Miho Saeki

From Wikipedia, the free encyclopedia
Jump to: navigation, search
Miho Saeki
佐伯美穂
Country (sports)  Japan
Residence Tokyo, Japan
Born (1976-03-18) 18 March 1976 (age 40)
New York, United States
Height 1.68 m (5 ft 6 in)
Turned pro 1998
Plays Right-handed (two-handed backhand)
Prize money $600,516
Singles
Career record 291–227
Career titles 16 ITF
Highest ranking No. 56 (8 June 1998)
Grand Slam Singles results
Australian Open 2R (1998, 1999)
French Open 3R (1998)
Wimbledon 2R (1999)
US Open 2R (1998)
Doubles
Career record 138–121
Career titles 4 WTA, 8 ITF
Highest ranking No. 49 (7 July 1997)
Grand Slam Doubles results
Australian Open 2R (1996)
French Open 2R (1997, 1999)
Wimbledon 2R (1997, 1998)
US Open QF (1998)

Miho Saeki (佐伯美穂 Saeki Miho?) (born 18 March 1976) is a retired Japanese tennis player, winner of professional tournaments in doubles and singles, and a representative of Japan for the Federation Cup.

Career[edit]

Saeki's career began officially in April 1994. As a junior finale she boasts a doubles tournament in the youth edition of the Japan Open. In senior tennis she began mainly outside the main cycle of the WTA Tour, winning a total of 16 singles and 8 doubles titles belonging to the ITF Women's Circuit. She gained four wins in doubles WTA Tour, with her partners - Yuka Yoshida and Naoko Kijimuta. Her career high ranking was at No. 56 in the singles (June 1998) and No. 49 in doubles (July 1997).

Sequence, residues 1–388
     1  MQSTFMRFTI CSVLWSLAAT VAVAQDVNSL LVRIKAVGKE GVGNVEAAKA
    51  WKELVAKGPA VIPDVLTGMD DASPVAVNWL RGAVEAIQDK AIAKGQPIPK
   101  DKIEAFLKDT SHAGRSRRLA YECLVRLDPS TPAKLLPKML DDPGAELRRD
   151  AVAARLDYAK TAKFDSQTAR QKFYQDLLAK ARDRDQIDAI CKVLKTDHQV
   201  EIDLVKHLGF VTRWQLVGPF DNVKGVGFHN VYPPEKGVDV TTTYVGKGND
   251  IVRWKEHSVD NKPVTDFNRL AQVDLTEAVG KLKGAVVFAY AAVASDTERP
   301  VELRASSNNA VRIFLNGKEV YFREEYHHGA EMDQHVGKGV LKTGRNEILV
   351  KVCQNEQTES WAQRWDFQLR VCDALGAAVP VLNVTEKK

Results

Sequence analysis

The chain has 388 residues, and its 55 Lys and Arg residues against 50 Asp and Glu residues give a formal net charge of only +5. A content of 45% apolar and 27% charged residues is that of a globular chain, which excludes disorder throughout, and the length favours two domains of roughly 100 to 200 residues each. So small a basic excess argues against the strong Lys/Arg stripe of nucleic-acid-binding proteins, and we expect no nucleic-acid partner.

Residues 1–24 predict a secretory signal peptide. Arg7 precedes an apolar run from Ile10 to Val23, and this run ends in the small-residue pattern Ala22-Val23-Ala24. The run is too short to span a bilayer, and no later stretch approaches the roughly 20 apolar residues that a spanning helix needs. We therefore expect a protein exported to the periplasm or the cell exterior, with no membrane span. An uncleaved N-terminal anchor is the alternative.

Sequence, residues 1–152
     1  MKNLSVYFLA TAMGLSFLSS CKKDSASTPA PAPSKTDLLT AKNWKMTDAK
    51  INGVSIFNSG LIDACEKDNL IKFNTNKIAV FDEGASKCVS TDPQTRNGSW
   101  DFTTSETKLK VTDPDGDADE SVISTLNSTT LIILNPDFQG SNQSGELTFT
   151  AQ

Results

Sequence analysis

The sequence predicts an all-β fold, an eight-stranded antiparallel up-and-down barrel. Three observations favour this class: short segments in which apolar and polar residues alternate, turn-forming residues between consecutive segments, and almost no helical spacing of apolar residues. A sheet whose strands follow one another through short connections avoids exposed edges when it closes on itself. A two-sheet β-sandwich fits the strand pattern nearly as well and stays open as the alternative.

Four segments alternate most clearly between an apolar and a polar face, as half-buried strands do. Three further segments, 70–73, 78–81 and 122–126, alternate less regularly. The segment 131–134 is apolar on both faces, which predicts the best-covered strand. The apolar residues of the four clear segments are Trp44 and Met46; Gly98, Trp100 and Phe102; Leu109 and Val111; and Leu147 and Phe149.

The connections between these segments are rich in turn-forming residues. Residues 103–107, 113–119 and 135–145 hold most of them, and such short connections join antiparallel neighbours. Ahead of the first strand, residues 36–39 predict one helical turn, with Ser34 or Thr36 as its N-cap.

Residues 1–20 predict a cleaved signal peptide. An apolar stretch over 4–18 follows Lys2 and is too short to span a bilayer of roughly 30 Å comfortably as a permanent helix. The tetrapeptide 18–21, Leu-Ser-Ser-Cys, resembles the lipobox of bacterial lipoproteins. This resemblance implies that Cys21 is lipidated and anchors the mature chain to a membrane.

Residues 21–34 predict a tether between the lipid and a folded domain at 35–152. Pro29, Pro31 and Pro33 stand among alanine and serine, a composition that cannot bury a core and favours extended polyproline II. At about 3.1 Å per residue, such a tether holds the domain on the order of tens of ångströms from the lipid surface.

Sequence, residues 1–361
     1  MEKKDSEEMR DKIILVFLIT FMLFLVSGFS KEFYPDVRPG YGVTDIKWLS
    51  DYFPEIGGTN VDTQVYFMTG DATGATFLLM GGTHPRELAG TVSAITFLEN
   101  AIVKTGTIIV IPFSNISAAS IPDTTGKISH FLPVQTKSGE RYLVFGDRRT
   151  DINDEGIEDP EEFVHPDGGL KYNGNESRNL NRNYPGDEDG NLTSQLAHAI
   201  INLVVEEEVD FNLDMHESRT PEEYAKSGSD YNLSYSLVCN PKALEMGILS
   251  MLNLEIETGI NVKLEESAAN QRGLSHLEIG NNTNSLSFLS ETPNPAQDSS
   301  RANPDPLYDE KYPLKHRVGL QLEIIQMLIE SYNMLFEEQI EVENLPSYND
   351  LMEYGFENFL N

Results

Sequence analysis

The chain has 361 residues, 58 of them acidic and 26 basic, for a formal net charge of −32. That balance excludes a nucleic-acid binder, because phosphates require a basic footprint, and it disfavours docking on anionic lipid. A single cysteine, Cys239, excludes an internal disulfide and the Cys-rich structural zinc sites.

In 1998-1999 she appeared in the Japanese team for the Federation Cup (only singles). Defeated, among others well-known Dutch woman Miriam Oremans, and the total balance of the performances is a tie - three wins and three defeats.

WTA career finals[edit]

Legend Singles Doubles
Grand Slam 0–0 0–0
WTA Championships 0–0 0–0
Tier I 0–0 0–0
Tier II 0–0 0–0
Tier III 0–0 2–0
Tier IV & V 0–0 2–0

Doubles: 4 (4 titles)[edit]

Outcome No. Date Tournament Surface Partner Opponents Score
Winner 1. 10 April 1995 Tokyo, Japan Hard Japan Yuka Yoshida Japan Kyoko Nagatsuka
Japan Ai Sugiyama
6–7, 6–4, 7–6
Winner 2. 14 October 1996 Beijing, China Hard Japan Naoko Kijimuta Japan Yuko Hosoki
Japan Kazue Takuma
7–5, 6–4
Winner 3. 18 November 1996 Pattaya, Thailand Hard Japan Yuka Yoshida Slovenia Tina Križan
Japan Nana Miyagi
6–2, 6–3
Winner 4. 14 February 2005 Memphis, United States Hard (i) Japan Yuka Yoshida United States Laura Granville
United States Abigail Spears
6–3, 6–4

External links[edit]